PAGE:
These easy cast iron skillet potatoes are crispy and golden on the outside, tender on the inside, and the perfect 20 minute, one-pan side dish with loads of buttery herbed flavor in every bite!
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This skillet fried potatoes recipe is one I turn to often because knowing how to cook potatoes in a skillet has become essential! Whether I’m adding them to steak bites when steak and potatoes are on the menu or I plan on making skillet breakfast potatoes in the morning, this low fuss dish comes together so easily, I can have them ready in no time.
They’re crispy and golden brown on the outside and perfectly tender on the inside creating the perfect balance between taste and texture. With just a bit of butter and oil, these bite-sized beauties have the ability to crisp up so nicely, without any deep-frying. My kids go wild for these, even just as a substitute for french fries and a dollop of ketchup for dipping!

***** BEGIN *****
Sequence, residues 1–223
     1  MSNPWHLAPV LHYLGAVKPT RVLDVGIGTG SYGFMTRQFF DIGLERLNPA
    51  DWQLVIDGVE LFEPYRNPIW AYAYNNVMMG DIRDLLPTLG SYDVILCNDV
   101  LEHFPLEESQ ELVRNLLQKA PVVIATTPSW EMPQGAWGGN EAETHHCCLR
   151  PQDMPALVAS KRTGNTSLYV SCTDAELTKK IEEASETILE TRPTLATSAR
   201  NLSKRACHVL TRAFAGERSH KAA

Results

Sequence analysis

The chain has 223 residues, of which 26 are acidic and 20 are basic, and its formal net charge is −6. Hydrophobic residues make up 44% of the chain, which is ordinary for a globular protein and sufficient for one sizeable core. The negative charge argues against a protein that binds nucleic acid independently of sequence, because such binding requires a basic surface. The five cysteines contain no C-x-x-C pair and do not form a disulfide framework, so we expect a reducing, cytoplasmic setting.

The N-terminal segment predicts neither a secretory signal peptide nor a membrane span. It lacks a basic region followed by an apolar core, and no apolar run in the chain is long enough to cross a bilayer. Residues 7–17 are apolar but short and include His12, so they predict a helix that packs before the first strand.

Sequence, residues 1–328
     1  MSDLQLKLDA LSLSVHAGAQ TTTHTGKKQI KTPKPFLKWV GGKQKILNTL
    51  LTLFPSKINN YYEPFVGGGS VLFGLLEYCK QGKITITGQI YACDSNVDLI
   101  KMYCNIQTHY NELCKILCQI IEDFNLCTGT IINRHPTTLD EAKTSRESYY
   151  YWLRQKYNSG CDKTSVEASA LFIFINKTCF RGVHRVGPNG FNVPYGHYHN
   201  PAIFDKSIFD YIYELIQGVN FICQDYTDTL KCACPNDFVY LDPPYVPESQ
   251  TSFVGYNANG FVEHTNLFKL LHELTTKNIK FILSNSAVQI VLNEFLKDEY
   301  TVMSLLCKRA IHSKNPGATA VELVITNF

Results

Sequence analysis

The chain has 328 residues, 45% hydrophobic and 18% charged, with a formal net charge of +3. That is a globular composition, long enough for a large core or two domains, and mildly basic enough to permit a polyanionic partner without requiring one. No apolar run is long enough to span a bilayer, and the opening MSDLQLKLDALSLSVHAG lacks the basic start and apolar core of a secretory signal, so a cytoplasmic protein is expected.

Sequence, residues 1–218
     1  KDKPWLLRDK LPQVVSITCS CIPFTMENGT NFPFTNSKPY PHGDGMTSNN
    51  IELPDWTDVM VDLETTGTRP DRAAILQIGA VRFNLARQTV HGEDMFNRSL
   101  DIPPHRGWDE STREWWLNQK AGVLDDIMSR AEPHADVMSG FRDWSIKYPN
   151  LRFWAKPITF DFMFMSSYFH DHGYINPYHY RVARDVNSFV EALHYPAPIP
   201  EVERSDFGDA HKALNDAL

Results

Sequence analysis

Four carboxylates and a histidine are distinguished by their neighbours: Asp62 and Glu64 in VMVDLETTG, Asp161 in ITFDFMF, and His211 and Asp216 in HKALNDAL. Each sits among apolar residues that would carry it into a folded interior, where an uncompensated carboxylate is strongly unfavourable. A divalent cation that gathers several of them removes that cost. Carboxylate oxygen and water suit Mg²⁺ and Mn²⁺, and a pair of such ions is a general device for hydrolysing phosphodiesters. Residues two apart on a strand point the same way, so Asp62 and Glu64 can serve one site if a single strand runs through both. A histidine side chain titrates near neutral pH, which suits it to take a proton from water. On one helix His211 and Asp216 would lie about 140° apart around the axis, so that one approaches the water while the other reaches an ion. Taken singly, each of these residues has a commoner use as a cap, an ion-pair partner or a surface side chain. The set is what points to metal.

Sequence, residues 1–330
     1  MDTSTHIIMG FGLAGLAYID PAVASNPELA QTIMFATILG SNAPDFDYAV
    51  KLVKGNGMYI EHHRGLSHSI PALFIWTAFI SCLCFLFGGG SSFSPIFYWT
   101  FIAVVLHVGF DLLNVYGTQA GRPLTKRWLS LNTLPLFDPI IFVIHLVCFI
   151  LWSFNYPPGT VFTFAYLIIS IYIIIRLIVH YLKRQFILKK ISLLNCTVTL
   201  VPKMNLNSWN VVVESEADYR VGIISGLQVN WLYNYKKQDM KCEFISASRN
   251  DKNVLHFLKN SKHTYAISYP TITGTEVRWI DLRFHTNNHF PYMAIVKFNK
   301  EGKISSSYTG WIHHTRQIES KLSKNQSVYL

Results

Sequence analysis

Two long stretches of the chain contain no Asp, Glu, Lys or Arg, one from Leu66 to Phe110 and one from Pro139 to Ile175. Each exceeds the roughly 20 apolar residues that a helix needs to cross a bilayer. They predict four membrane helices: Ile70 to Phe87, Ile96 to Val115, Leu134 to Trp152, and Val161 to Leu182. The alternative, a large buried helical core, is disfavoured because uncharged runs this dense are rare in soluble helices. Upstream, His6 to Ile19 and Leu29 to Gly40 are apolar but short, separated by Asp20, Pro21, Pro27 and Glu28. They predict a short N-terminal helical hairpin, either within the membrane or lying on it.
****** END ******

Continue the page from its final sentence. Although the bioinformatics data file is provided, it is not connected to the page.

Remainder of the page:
A simple seasoning of salt and pepper is always a staple, but taking them up a notch with some garlic herb butter and a sprinkling of Italian seasoning is everything! Part of what is so great about these is that you can really season them however you’d like.
Best Potatoes to Use for Skillet Frying
Not all potatoes are created equal. Some are meant for baking, some are meant for boiling and some are a jack of all trades. Potatoes you are looking for are meant to make deliciously crispy fried potatoes in a cast-iron skillet, which means they should have a higher starch content. I use Yukon gold, as I find they give ultimate flavor and texture, but you could also try red potatoes, fingerling, russets, or Idaho potatoes.
Tips for Easy Skillet Potatoes
- Butter and oil: Don’t skimp on using both. The butter not only adds incredible flavor, but helps to avoid burning that can happen when just using oil alone. Using butter alone can also end up burning your potatoes, so using a combination of both is needed here.